Opening Salvos: The Biden Administration´s Early Changes to US Immigration Law and Policy

The dismantling of the Trump administration´s restrictive immigration policies began on January 20, 2021, the day that Joseph Biden was inaugurated as the 46th President of the United States. Below is a summary of some of the new Biden administration´s immigration-related reforms immediately following Inauguration Day.

Abandonment of Lawful Permanent Residence – Part One

Abandonment means that an LPR demonstrates the intent to no longer reside in America as an LPR – after the person has departed the United States. The USCIS also provides that if a parent abandons his/her LPR status, that abandonment is imputed to a minor child in the parent’s control and custody.

2021-07-26T20:58:48-05:00Categories: Immigration Articles|Tags: , |

USCIS Extends TPS for 9 Months

The Temporary Protected Status (TPS) program is a unique program in that it protects masses of people who could be in grave danger if they returned to their country. Unfortunately, like border and interior enforcement, Deferred Action for Childhood Arrivals (DACA), and the immigration courts, TPS has also been in focus during the four years of the Trump administration, putting the TPS recipients at risk of losing their status. However, besides the possibility of having a friendlier government to deal with, immigrants, including TPS recipients have been hearing some good news lately.

2021-08-09T02:02:32-05:00Categories: Others|Tags: , , |

Proposed DACA Legislation: The American Dream and Promise Act

President Biden is expected to offer relief to the so-called “DACA Dreamers” -- undocumented immigrants who arrived in the United States as children. What form this relief will take is unclear, however. He could undertake more sweeping reform with Congressional support, and one of the options for Congress would be to pass the American Dream and Promise Act. Even without this, Biden could incorporate some of its provisions into an executive order.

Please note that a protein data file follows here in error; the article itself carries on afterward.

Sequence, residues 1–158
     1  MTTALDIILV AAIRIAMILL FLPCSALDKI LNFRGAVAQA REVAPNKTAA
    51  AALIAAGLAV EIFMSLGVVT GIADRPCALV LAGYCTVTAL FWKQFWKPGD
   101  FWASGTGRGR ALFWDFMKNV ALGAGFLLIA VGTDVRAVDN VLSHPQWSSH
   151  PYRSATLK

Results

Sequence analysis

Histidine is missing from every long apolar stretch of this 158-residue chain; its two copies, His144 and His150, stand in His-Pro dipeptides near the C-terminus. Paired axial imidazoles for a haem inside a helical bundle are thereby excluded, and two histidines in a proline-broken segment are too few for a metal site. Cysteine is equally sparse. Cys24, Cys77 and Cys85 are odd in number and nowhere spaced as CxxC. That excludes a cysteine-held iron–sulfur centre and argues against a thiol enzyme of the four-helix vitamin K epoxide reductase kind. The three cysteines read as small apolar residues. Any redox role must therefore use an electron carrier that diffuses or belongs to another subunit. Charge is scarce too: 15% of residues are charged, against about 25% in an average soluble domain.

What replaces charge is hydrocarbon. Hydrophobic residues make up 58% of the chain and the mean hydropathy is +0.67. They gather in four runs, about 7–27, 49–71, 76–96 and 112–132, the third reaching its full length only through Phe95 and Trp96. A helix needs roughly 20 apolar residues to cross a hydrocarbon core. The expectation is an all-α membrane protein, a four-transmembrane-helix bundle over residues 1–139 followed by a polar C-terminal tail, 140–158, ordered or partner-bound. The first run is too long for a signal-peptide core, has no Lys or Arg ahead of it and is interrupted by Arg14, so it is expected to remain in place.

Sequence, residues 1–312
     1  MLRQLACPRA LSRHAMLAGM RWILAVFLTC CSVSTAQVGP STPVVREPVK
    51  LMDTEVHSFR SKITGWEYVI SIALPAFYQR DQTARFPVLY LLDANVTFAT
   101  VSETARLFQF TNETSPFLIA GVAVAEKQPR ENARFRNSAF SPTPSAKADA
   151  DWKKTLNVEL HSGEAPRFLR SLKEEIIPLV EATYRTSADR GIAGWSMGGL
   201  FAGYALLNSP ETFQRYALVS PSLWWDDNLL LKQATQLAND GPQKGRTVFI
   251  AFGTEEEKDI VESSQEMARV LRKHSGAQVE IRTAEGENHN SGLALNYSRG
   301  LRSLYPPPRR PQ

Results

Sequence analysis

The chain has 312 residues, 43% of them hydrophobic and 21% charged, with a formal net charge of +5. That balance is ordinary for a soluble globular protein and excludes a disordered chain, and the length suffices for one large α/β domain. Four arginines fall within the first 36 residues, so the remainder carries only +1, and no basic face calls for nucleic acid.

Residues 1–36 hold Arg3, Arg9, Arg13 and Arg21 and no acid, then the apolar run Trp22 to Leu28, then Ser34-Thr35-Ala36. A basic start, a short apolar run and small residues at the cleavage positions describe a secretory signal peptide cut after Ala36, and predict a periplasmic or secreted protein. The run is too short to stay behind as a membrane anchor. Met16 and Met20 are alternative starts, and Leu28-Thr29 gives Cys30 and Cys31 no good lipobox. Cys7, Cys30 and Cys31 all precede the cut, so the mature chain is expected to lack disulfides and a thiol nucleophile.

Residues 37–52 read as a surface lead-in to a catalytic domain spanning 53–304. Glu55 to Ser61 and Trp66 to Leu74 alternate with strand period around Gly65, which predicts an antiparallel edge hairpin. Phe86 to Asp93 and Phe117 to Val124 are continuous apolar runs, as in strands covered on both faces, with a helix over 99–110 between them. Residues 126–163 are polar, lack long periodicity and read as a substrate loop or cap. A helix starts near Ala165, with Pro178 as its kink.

2021-01-10T22:59:45-05:00Categories: Immigration Articles|Tags: , , |

Federal Judge Overturns DACA Suspension, Rules Acting Head Appointed Unlawfully

The Trump government has come to an end but the decisions taken by it in the name of immigration reform are still being discussed in courts around the country. One such decision was a review of the Deferred Action for Childhood Arrivals (DACA) program that concerns almost 650,000 recipients known as ‘dreamers.’

2021-08-18T03:36:20-05:00Categories: Others|Tags: , , |

Seventh Circuit Stays the Final Rule Vacation Ruling of Illinois Lower Court

Similar to what the election results have been for both the candidates and their voters, the last few days have also been a rollercoaster ride for foreign nationals and their employers. It all started with a federal District Court vacating the DHS’s public charge rule and ended in an appeals court staying the lower court’s decision of vacation.

2021-07-28T00:15:11-05:00Categories: Others|Tags: , , |

No Relief for DACA Dreamers Despite Supreme Court Ruling

It is no secret that the Trump administration has been particularly ruthless towards migrant children. The latest example of this behavior is its move to end deferred action. The Deferred Action for Migrant Children Program (DACA) was introduced in 2012 by the Obama administration. The purpose of this program was to facilitate migrant children, because they did not have a say in their parent’s/ guardian’s decision to migrate and because they have grown up in the country, not in the country of their parents.

2021-07-01T20:02:59-05:00Categories: Immigration Articles|Tags: , , |

How does the Student and Exchange Visitor Program (SEVP) Work?

According to the Department of Homeland Security (DHS), DHS delegated the school certification process to U.S. Immigration and Customs Enforcement (ICE). ICE, in turn, delegated the responsibility to its Student and Exchange Visitor Program (SEVP).

2021-07-28T00:35:39-05:00Categories: Immigration Articles|Tags: , , |

Going to Court to Contest the Fines

Once an employer received a Notice of Intent to Fine from ICE, the employer has the option to either pay the fine or contest the fine. The Notice of Intent to Fine is the charging document. A charging document lists all the violations allegedly committed by the employer and the corresponding penalties recommended by ICE.

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